"So, I didn't remove it."  I stare at my hands in my lap.  But even concentrating on something other than her face can't stop me from opening up to Monica.  I don't mean to talk; I just do.  "Sometimes...  since the nightmares began, I think I'm going through premature menopause.  The insomnia."

She's quiet for such a long time that I finally look at her.  She seems to be trying very hard not to cry. 

"Hey.  I've gone through a hell of a lot worse than menopause."  It's meant as a joke, but a tear slides down her face. 

"You've gone through too much," she finally says, her voice hoarse.  "It isn't fair."

Monica is the most sensitive, most beautiful person I think I've ever known.  Her care and concern for others, her capacity to love, is amazing.  I roll my eyes at myself and my silly hope.  Even if I were perfectly healthy, I wouldn't stand a chance with her.  I simply have nothing as wonderful to give as she does.  "So G-woman," I say glibly in an effort to cheer her.  "Has it crossed your mind that we're dealing with a serial killer?"

She smiles, and this causes the remaining tears that have been pooled in her eyes to finally fall.  "Can't be a serial killer."  She wipes her face.  "Locked doors.  No one saw anyone."

"Maybe he was good at his job."

She shrugs.  "I won't shoot it down.  A death a day for the past five days, all in Aural.  Could be a serial killer.  No indication of one, though."   

"They're dead.  Suicide isn't possible.  They couldn't have done it, Monica.  No one is physically capable of wounding themselves like that.  The cuts were even, from what I could tell from the pictures, not some hatchet job.  It can't be suicide.  It has to be murder."

"There's a pattern here that we're not seeing."

"Monica, you said it yourself the other night.  There are lots of pieces to this puzzle.  Sorting through them is going to take time."

"We don't have time, Dana.  Every day, someone dies."  A lock of hair falls into her eyes.  She clears her throat.  "You want to tell me what this is?"

I'm startled by her tone of voice.  Her gaze remains on the highway, but her palm is open and something plastic and metal lies in it.  "It's a fire starter, Monica."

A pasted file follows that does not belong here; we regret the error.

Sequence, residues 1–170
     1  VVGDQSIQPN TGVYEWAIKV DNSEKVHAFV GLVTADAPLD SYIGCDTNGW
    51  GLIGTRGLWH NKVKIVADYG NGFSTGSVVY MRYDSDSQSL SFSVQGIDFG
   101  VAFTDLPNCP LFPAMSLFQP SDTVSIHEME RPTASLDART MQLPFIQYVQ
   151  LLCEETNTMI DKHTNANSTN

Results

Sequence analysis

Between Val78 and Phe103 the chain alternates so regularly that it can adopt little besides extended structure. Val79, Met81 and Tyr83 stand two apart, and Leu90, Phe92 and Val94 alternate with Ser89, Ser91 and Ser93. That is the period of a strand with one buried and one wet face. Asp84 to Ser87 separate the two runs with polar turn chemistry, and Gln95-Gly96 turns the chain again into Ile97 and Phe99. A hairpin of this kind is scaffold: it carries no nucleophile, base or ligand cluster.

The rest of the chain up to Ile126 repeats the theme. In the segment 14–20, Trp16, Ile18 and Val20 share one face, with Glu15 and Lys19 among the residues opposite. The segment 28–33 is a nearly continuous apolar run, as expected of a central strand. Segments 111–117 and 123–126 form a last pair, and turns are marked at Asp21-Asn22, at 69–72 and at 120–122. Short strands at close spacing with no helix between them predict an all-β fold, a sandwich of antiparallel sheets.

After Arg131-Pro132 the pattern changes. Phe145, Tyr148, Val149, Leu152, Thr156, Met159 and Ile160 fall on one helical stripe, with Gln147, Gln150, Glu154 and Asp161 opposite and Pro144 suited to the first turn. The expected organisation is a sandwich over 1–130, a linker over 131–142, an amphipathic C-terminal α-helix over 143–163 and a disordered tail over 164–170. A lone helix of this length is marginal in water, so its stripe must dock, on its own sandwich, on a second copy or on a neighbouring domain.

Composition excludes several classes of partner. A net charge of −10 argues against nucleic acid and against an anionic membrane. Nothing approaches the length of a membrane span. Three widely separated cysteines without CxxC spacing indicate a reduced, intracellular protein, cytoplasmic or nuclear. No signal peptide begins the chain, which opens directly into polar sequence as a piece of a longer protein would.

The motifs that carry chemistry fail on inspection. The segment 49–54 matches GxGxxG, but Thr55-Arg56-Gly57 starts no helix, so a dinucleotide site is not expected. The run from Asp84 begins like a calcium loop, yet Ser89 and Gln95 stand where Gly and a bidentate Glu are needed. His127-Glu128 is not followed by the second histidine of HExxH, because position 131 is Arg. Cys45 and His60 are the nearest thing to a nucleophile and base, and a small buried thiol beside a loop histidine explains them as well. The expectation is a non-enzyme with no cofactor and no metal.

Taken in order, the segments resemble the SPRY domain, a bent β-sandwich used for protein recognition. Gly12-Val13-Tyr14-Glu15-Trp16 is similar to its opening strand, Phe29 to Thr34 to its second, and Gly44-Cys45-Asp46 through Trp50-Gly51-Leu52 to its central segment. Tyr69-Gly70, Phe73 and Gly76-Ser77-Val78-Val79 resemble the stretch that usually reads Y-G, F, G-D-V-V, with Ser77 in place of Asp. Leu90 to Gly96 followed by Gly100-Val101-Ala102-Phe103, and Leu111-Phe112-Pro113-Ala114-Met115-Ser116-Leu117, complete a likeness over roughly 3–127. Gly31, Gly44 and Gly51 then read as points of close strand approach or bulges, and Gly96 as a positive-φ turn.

Her look, when she takes her eyes from the road for a second, is dense.

"It's a utility lighter for fireplaces or barbecues."  I take the object from her hand and press a button.  "You know, a fire starter."  I flick it on and off a couple of times.

Her brow is furrowed, as if from concentration.  "Do you remember Friday night at all?" She whispers this to me as if we are lovers. 

"Not much, but I already told you that."  I click the fire starter on and off, trying to distract myself from the tremor that rolls up my spine, but the flame is gone.

She casts another glance at me.  "What do you remember?"

I know she's not testing me; still, it feels that way.  "I left work early.  I cleaned house.  You came over with dinner and we discussed the case."

"Do you remember falling asleep?"

"I remember sitting on the sofa.  You were watching The Weather Channel."  I shake the wand in my hand and click it again.  Nothing. 

"Let me fill in the blanks for you."  She flips the radio station off and grabs the lighter from my hand, holding it.

The car is suddenly quiet, save the muted whish of tires flying over asphalt.  I stare at her, dreading what's about to come.

"I was watching tv on the couch.  You were beside me, asleep.  I was only half awake myself; I'd been flipping channels.  I must have dozed off, because the next thing I remember is your scream.  I jumped up and saw you standing in the kitchen doorway, staring at me."  She shivers slightly.  "You were yelling for me.  You were just standing there yelling.  When I calmed you down, you said things that made me realize you were sleepwalking."

My fingers pick lint from my jacket while her words filter through me.  It's coming back now, the part of the dream that included her.  The emotion of it is coming back, the fear.  The desire.

"You were having a nightmare, Dana.  You were dreaming that you'd cut your arms up."  She holds the lighter.  "Like this was a knife."

I swallow and blink my eyes.  This isn't how I had planned discussing my dream with her.  "Monica, I -" The nightmare looms before me.  She had been there, she'd witnessed it.

"You held your arms out to me like they were a prized possession.  There were marks where you ran the lighter up and down them."  She places the fire starter on the seat. 

I take my eyes from her and stare through the window, contemplating the easiest way out of this conversation.

"So are you going to tell me what you're dreaming at night?  Because I've got a good idea, Dana.  You're slashing your body just like the victims did."

I reach for the bottle of water that rests beside the lighter and take a sip, buying time.  "Monica," I finally say.  "The dreams are metaphorical.  My counselor believes that they point to personal issues."